If Jack and Kurt Van de Wetering have their way, the first medical marijuana plants in Suffolk County will grow in a 30,000-square-foot greenhouse at their Baiting Hollow farm next January.
Jack Van de Wetering told the News-Review Thursday that he’s applying for a New York State Department of Health license to grow up to 10 acres of medical marijuana at his Ivy Acres property.
Mr. Van de Wetering, 74, said he and his son, 40, began the application process 18 months ago and will travel to the Department of Health’s headquarters in Albany next Friday to formally submit their proposal. State officials will reach a decision 45 days after that, Jack Van de Wetering said. He added that just five licenses will be issued in New York State.
“This will give good jobs to the local area, which is kind of depressed if you look at Riverhead compared to the Hamptons,” he said, adding that between 65 and 100 full-time positions would be created. “If it doesn’t happen here, it’s going to go upstate somewhere. And why let it go upstate if you can help it?”
If their application is approved, Kurt Van de Wetering said, his family could start growing marijuana beginning Jan. 1, 2016. They plan to initially grow the plant in an existing 30,000-square-foot greenhouse on their Edwards Avenue property. If demand heightens, they’ll be permitted to grow up to 10 acres of it.
“Don’t expect to see fields and fields of marijuana,” said Kurt Van de Wetering, who will manage the project. “We’re talking about highly intense, multiple crops at different stages of life in one structure that is highly secured.”
In June 2014, New York became one of 23 states to legalize the sale of medical marijuana. Locally, Assemblyman Anthony Palumbo (R-New Suffolk) voted in favor of the measure while state Sen. Ken LaValle (R-Port Jefferson) voted against it.
While they don’t know for sure if any other applicants from Suffolk County have come forward, the Van de Weterings said they’ve heard rumblings about a proposal at the Enterprise Park at Calverton. However, they have the infrastructure in place to start growing right away.
The Van de Weterings have already committed a significant amount of cash toward the proposal. It cost $10,000 to receive the 1,000-page application from New York State and it will cost an additional $200,000 for them to apply next week, plus $1 million in bonds. To date, they’ve also paid $250,000 in legal fees.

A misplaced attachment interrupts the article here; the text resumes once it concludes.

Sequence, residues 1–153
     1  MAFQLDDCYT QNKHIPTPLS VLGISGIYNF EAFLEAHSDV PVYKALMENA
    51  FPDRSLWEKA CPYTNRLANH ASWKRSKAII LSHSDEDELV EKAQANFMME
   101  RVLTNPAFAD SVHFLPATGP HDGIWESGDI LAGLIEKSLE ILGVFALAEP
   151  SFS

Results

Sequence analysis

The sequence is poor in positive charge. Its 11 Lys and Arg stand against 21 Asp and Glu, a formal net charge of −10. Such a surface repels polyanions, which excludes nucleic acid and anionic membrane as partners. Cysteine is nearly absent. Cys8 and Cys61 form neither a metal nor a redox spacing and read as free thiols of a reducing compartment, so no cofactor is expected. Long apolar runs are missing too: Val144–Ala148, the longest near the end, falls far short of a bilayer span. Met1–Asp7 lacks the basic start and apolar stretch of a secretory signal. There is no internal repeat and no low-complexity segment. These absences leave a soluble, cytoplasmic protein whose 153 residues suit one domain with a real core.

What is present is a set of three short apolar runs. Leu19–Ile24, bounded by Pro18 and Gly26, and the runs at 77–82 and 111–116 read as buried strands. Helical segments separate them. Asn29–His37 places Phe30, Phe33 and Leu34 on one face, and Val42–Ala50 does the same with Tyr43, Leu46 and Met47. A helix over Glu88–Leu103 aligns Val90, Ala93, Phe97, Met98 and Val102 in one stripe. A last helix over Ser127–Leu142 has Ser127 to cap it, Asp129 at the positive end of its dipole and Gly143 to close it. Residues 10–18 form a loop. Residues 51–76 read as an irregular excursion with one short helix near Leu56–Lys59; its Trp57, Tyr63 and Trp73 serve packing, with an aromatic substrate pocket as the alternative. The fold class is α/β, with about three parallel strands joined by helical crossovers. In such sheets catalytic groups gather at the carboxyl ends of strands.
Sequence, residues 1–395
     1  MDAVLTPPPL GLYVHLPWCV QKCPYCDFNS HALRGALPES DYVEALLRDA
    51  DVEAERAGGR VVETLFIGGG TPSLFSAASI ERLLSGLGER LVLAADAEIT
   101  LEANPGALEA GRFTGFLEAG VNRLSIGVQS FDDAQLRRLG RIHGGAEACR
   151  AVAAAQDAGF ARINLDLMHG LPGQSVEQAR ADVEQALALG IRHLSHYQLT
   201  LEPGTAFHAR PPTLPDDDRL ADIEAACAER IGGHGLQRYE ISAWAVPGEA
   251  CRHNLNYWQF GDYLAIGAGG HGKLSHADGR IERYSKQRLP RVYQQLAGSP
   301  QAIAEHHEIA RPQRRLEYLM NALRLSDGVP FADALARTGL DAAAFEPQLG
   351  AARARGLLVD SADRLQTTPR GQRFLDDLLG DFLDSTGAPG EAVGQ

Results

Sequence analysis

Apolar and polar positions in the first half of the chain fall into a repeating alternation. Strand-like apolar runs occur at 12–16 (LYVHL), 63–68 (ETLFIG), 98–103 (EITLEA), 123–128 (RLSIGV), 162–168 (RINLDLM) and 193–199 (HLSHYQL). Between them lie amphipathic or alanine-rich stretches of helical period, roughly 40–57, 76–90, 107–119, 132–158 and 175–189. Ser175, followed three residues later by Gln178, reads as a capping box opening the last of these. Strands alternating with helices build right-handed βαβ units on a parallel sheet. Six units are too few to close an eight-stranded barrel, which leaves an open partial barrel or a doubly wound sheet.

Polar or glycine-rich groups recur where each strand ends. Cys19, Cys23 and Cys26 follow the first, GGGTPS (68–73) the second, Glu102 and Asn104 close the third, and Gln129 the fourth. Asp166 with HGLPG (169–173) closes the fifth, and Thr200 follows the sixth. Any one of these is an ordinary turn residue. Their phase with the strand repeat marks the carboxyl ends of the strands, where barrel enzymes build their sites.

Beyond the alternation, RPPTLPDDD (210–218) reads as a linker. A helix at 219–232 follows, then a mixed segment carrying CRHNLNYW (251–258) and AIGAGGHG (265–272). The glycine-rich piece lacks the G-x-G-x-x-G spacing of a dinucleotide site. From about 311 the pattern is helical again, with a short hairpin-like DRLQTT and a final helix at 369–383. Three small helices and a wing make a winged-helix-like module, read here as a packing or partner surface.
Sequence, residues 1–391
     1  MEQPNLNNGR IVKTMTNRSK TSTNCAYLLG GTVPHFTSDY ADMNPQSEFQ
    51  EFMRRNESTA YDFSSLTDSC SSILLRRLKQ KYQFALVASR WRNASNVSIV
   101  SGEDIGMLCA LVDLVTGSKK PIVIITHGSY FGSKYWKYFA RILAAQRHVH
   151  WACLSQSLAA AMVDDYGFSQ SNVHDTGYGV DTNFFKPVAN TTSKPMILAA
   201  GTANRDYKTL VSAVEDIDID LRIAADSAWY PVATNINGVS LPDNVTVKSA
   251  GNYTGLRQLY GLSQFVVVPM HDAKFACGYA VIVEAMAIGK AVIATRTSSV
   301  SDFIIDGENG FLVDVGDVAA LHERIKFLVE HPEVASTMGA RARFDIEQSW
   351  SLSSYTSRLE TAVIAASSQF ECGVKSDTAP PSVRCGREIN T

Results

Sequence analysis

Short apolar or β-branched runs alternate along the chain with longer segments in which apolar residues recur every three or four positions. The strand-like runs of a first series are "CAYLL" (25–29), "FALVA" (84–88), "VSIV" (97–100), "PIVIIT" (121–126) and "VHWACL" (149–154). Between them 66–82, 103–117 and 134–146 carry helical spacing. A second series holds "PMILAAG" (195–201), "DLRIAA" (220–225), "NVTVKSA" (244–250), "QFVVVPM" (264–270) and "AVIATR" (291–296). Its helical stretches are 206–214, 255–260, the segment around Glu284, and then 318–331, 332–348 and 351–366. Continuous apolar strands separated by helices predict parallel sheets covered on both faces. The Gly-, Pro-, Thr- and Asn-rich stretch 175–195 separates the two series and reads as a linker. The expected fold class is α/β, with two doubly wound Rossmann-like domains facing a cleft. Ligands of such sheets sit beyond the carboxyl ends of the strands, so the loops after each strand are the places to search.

The Van de Weterings said Thursday they’ve approached a number of local elected officials and business leaders seeking support for their application. So far, they said, all appear to be in favor of the idea, with many promising to write letters of recommendation to the Department of Health. One of the people they met with was Ray Pickersgill, executive director of the Riverhead Business Improvement District Management Association.
“They’re gonna do it anyway in New York State, no matter what,” said Mr. Pickersgill, who said he needed to confer with other BID members before agreeing to write the Van de Weterings a recommendation letter. “I’m not really for marijuana, but as long as it’s heavily regulated, I think it’ll be all right.”
Suffolk County Legislator Al Krupski (D-Cutchogue) said he’s also considering writing a letter of recommendation.
“It’s a very interesting proposal, certainly,” Mr. Krupski said. “We had a discussion about medical marijuana at the Legislature a year ago and there were concerns for the security of the product — that it doesn’t get out for recreational use — but the medical people I’ve spoken to have said [marijuana] is a valuable tool for terminally ill people.”
Jack Van de Wetering said having a local medical marijuana farm would benefit more than just patients: He estimates the project could generate about $400 million in annual revenue. He said Riverhead Town would receive around $4 million in tax revenue and Suffolk County would bring in about $11 million, he said.
The Van de Weterings said there won’t be a retail component to their proposal. Customers would have to travel to a dispensary to pick up their supply of medical marijuana, which they said would be available in liquid or pill form, per state regulations. They’re working with a medical company in New York City to handle distribution.
Jack Van de Wetering said he wouldn’t have supported his own idea about a decade ago, but attitudes are shifting, including his own.
“I thought this was the wrong thing going back 10, 15 years,” he said. “I wanted nothing to do with it. I thought whoever was involved with it should be in jail. But you start thinking differently as you get older and feel more pain and hear of people with cancer. Why should they be denied some comfort?”
His son agreed.
“We’ve always tried to be innovative,” Kurt Van de Wetering said. “This one is going to be a little more aggressive because it’s a brand-new industry within, as we feel, agriculture. There are still some taboos attached to it.”